A year or so ago, I crossed something off my bucket list that had held a spot there since I was but a wee lad: I finally purchased an iPod Classic.

A white iPod on a wooden desk

My love of iPods started around fifth grade, right around the time that entire world became obsessed with them (this would have been around 2005 or so). My dad won a first generation iPod Nano through his job somehow, and he decided to give it to me. He didn’t really know what it was at the time, and other than the general knowledge that it was “a thing that played music somehow,” I didn’t know much about it either. What followed was a period of education, adventure, and musical bliss packed to the brim with crappy MP3 rips and less-than-legit Limewire content that really opened me up to the world of music.

I listed to my iPod Nano religiously for many years. I absolutely loved everything about it. It held so much music, it sounded great, and as someone who had grown up making mix tapes recorded from the radio (with the DJ inevitably talking over the intro to the one song you had been waiting hours to hear), being able to more or less pluck high quality copies of all your favorite songs out of thin air was basically magic.

Naturally, of course, I ran out of space on my iPod Nano, and began to outgrow it a bit. Then you started seeing ads on the TV that there was this big iPod, which could play video (I remember Pirates of the Caribbean being the one the Apple commercials always showed), and the thought of being able to watch movies on long car rides blew my mind. I really, really wanted an iPod Classic.

The only problem was, I couldn’t afford one. As a kid I could never dream of affording an iPod Classic, and I always told myself that one day when I was a older I would get one and that’s how I would know that I had “made it”. 1

I think that’s the core reason why I decided purchasing an iPod in the modern age was such a great idea. For another, I just really missed the feel of the clickwheel. I used to love how it felt underneath my thumb. I loved the sensation of turning up the volume, or skipping tracks. It was such a perfect input method that the touchscreens of today just don’t capture to the same degree.

Finally, in addition to both the lifelong desire and a wish to recreate the tactile joy of operating a clickwheel, I wanted an iPod classic because in a lot of ways it’s a perfect music playing device . It doesn’t connect to the internet, which I see as a benefit. It can’t receive notifications. It doesn’t record which songs I’m listening to, on which days, and there isn’t a service that’s scanning through these logs to figure out what mood I’m in on any given day to target content and ads to me (I’m looking at you, Spotify). It holds your entire music library. Its entire job is to take your music and effortlessly deliver it to you in a convenient, well-thought-out, and high-quality way.

The model that I got is a 5th generation iPod Classic, renown in the community for having a Wolfson DAC, said to be one of the greatest sounding digital-to-analog converters ever made. It has a brand new battery in it, and has the iFlash kit installed so instead of a slow, power-hungry spinning rust hard disk inside it has a lightweight, power friendly, fast, and spacious flash card.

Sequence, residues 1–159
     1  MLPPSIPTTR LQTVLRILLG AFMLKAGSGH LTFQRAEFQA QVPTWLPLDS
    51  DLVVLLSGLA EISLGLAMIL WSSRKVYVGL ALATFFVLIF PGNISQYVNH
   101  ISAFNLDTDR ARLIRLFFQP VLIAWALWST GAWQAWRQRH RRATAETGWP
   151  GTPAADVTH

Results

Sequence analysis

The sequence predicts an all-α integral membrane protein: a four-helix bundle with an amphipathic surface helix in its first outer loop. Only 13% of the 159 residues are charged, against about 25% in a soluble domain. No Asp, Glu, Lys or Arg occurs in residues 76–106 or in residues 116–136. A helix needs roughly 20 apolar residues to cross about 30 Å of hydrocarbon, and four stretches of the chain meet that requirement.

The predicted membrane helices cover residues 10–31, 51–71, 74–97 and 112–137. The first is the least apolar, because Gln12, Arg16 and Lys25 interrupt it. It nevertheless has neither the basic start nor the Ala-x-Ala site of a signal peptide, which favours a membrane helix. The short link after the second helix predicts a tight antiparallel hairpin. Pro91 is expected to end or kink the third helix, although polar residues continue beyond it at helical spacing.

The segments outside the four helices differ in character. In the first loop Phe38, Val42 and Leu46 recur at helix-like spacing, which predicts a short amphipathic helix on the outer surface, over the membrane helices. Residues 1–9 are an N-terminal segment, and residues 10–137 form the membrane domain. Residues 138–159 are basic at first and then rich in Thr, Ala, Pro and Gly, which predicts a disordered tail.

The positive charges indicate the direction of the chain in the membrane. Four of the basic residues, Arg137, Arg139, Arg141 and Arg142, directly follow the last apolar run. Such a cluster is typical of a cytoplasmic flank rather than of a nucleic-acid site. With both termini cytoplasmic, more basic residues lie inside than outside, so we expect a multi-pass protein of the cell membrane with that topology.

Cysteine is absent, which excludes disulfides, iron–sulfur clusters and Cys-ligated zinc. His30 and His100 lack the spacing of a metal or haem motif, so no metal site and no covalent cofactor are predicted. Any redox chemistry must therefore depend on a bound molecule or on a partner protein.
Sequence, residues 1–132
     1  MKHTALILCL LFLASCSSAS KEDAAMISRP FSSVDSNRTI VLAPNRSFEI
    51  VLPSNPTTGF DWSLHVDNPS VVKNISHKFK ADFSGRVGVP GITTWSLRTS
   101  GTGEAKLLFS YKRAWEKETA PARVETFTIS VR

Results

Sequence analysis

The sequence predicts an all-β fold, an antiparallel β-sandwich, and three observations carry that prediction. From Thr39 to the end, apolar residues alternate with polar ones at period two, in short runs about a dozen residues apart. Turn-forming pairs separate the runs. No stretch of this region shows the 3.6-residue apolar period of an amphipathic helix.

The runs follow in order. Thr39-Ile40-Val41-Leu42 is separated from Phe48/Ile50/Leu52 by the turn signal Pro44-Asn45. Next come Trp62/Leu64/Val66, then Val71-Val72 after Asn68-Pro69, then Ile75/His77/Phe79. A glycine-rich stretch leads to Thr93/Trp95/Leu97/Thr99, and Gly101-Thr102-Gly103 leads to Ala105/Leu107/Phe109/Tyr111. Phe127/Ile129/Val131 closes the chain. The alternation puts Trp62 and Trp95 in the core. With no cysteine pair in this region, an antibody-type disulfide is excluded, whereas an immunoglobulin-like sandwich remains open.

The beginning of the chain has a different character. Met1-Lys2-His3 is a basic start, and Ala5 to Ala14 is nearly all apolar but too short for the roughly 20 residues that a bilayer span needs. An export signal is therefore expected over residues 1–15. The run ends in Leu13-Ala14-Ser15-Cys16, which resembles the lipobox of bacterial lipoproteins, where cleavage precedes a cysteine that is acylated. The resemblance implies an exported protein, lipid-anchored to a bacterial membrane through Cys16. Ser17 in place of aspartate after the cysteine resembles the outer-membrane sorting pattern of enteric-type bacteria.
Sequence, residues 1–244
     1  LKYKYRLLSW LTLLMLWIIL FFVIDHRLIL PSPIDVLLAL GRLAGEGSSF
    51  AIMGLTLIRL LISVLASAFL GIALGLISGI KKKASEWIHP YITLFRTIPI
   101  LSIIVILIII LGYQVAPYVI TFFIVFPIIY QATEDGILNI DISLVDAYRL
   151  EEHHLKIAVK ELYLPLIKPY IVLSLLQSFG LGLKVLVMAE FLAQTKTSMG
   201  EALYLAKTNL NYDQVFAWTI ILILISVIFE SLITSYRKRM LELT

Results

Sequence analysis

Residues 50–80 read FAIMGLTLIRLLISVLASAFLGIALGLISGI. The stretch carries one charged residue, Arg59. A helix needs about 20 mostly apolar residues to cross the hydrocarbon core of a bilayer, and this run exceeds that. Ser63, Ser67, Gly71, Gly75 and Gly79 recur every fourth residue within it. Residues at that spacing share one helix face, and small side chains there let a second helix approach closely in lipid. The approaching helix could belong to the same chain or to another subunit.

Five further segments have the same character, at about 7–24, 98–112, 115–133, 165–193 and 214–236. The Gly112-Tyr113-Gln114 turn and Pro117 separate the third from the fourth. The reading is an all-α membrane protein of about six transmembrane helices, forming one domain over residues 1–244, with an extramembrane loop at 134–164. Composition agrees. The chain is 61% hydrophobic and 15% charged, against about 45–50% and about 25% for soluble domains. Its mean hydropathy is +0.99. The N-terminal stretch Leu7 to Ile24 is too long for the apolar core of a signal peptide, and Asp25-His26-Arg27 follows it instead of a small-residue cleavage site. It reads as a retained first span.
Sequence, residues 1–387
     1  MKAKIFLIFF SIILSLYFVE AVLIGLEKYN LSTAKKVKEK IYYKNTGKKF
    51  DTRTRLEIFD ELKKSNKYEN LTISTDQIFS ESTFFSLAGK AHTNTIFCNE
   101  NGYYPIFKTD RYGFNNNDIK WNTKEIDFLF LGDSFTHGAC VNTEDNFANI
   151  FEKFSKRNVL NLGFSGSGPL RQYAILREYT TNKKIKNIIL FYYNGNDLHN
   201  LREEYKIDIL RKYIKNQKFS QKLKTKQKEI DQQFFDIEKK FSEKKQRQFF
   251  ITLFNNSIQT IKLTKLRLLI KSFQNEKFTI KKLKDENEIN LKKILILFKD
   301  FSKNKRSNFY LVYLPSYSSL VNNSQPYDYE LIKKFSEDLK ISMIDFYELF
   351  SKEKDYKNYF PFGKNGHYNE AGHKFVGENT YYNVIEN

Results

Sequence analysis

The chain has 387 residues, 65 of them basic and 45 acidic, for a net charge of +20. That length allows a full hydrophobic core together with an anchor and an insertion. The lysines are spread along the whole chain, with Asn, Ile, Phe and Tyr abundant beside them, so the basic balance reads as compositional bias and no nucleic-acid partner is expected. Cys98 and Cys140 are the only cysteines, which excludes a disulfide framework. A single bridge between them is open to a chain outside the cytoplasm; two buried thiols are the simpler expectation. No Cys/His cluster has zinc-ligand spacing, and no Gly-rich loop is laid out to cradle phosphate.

It’s funny how the rose-tinted glasses can cloud your memories of what the past is like. Such is the discovery I made during my day-to-day use with my new iPod. For one, I forgot how miserable the navigation on the device is. Although I love the clickwheel, navigating up and down giant lists trying to find the exact album or artist you’re looking for is miserable and time consuming. Results don’t load as quickly as you think they do. Search features are non-existent. The low-resolution display loads fuzzy, stamp-sized thumbnails of album artwork.

And as much as I hate to admit it, the sound is honestly just okay. It sounds good, don’t get me wrong. But sometimes it just lacks the punch that newer music players have, at least to me.

And, of course, it doens’t have Bluetooth. I know some folks would consider that a benefit, and I know that it’s possible to mod it with a Bluetooth transmitter, but the stone cold fact is that no matter how many mods you make, the OS will never know or understand about the Bluetooth adapter’s existance, and the experience is always going to be sub-par. This may be sacrilege, but I find Bluetooth headphones and earbuds to nothing short of modern miracles. Not having to fight with cords and wires, and being able to put one side in at a time is amazing. With modern codecs like LDAC, I really can’t discern any fidelity loss. Yes, you have to charge them, and yes, Bluetooth is still sometimes a bit funky, but I’m wholly sold on it.

Nostalgia is a hell of a drug, and I found myself chasing something that really just doesn’t make sense in today’s world. There’s a reason why we left iPods in the past: the continual march of progress has gone on, and in the intervening years we have created better music player experiences. That’s why I’ll be selling my iPod, enabling some other nostalgia-seeking hipster trying to capture something that no longer represents the lofty heights of music enjoyment.

1Side note, as a kid I did purchase a Creative Zen Vision:M player which was basically Creative’s take on an iPod Classic, and it was one of my absolute favorite devices from my adolescence.